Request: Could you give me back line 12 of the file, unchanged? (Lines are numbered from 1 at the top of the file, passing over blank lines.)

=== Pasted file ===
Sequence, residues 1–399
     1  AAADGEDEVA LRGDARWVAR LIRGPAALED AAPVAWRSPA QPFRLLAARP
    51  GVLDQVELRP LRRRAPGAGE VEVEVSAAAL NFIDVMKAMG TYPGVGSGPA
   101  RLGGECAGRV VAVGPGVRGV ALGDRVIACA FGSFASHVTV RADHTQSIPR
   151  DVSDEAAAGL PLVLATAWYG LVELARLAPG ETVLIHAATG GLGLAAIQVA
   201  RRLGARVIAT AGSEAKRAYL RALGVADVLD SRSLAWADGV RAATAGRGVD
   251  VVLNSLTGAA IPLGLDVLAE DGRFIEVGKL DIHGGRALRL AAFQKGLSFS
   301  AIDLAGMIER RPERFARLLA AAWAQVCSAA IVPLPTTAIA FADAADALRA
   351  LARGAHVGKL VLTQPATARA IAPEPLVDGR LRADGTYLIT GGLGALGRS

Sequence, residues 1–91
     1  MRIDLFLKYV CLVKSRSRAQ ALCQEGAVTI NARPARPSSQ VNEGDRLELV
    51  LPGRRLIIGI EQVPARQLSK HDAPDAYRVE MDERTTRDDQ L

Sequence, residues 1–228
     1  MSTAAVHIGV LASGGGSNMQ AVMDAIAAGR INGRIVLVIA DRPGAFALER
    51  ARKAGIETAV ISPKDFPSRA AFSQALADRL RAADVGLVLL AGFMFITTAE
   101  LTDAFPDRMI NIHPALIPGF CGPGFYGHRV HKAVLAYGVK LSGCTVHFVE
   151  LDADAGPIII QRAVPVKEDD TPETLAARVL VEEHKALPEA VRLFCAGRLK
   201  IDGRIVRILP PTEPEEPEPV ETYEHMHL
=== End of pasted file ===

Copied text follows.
    51  LPGRRLIIGI EQVPARQLSK HDAPDAYRVE MDERTTRDDQ L